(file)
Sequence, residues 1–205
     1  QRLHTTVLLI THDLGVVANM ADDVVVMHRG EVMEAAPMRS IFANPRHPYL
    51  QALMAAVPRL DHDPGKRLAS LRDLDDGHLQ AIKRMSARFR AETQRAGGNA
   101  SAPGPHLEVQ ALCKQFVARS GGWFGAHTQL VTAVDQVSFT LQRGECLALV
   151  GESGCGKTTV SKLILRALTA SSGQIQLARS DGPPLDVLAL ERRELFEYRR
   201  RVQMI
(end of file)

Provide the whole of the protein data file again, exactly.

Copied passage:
Sequence, residues 1–205
     1  QRLHTTVLLI THDLGVVANM ADDVVVMHRG EVMEAAPMRS IFANPRHPYL
    51  QALMAAVPRL DHDPGKRLAS LRDLDDGHLQ AIKRMSARFR AETQRAGGNA
   101  SAPGPHLEVQ ALCKQFVARS GGWFGAHTQL VTAVDQVSFT LQRGECLALV
   151  GESGCGKTTV SKLILRALTA SSGQIQLARS DGPPLDVLAL ERRELFEYRR
   201  RVQMI